# Thread: Linearly independent set that spans same subspace as original set of vectors

1. ## Linearly independent set that spans same subspace as original set of vectors

Problem:

Determine a linearly independent set of vectors that spans the same subspace of V as that spanned by the original set of vectors.

V=R3, {(1,1,1),(1,-1,1),(1,-3,1),(3,1,2)}

Question:

There is a theorem that says, "If one of the vectors in the set is a linear combination of the other vectors in the set, then that vector can be deleted from the given set of vectors".

I found the following dependency relationship among these vectors to be:

v1-2v2+v3=0

Now, I can solve for any one of the vectors in terms of the other two. Does this mean I can remove one, two, or three vectors from the original set, or am I limited to just one "vector removal"?

Thanks for any help!

2. Originally Posted by divinelogos
Problem:

Determine a linearly independent set of vectors that spans the same subspace of V as that spanned by the original set of vectors.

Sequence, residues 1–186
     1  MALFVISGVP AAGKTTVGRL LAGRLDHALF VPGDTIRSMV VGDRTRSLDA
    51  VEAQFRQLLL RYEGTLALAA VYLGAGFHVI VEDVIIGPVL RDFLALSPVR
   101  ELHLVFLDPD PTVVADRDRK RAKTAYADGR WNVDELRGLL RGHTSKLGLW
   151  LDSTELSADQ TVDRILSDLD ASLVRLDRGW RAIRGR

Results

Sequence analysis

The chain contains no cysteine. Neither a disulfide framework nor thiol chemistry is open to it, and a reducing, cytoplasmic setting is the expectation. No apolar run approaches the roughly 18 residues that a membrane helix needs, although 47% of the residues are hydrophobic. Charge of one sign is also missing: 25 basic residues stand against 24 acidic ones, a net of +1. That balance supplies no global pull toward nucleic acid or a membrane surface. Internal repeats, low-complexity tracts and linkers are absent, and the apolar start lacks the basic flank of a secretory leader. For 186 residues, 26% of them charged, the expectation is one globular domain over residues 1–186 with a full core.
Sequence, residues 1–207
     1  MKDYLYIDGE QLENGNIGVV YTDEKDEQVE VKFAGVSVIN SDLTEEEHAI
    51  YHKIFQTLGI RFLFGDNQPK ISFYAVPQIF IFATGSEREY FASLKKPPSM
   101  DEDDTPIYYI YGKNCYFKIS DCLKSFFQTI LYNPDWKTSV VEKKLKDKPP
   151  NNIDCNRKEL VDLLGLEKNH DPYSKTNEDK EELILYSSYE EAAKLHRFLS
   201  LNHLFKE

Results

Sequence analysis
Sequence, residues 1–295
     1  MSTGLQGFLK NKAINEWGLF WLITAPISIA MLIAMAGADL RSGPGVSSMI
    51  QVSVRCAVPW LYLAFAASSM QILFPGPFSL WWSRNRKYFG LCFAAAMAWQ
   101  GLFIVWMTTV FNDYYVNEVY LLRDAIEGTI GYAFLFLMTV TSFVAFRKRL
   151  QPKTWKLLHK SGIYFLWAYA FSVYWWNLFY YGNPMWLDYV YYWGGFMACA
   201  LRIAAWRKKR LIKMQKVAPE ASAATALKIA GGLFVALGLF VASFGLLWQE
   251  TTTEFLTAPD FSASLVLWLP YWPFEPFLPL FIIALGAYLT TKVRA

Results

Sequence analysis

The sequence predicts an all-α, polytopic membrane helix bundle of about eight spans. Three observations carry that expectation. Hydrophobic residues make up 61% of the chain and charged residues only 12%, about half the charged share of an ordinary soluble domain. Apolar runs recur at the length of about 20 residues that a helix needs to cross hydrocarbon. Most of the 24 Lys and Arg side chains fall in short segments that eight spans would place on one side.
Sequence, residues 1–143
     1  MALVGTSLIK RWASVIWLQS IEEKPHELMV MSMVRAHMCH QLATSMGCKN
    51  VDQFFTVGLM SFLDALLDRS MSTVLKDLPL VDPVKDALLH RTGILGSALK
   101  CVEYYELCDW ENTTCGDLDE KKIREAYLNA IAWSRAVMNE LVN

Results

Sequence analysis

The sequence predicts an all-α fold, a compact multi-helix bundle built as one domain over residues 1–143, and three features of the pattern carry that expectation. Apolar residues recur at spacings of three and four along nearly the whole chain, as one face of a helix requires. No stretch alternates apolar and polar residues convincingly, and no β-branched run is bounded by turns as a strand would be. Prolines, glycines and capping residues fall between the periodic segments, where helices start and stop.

V=R3, {(1,1,1),(1,-1,1),(1,-3,1),(3,1,2)}

Question:

There is a theorem that says, "If one of the vectors in the set is a linear combination of the other vectors in the set, then that vector can be deleted from the given set of vectors".

I found the following dependency relationship among these vectors to be:

v1-2v2+v3=0

Now, I can solve for any one of the vectors in terms of the other two. Does this mean I can remove one, two, or three vectors from the original set, or am I limited to just one "vector removal"?

Thanks for any help!
$\begin{vmatrix} 1 & 1 & 1 \\ 1& -1 & 1 \\ 3& 1 & 2\end{vmatrix}=2$

So these vectors are linearly independent so they span all of $\mathbb{R}^3$

Since they only have to span the same space why not just pick the standard basis vectors.

3. Originally Posted by TheEmptySet
$\begin{vmatrix} 1 & 1 & 1 \\ 1& -1 & 1 \\ 3& 1 & 2\end{vmatrix}=2$

So these vectors are linearly independent so they span all of $\mathbb{R}^3$

Since they only have to span the same space why not just pick the standard basis vectors.
Can you elaborate a little? By standard basis vectors do you mean multiples of (1,0,0) (0,1,0) and (0,0,1)?

4. Originally Posted by divinelogos
Can you elaborate a little? By standard basis vectors do you mean multiples of (1,0,0) (0,1,0) and (0,0,1)?
That's correct.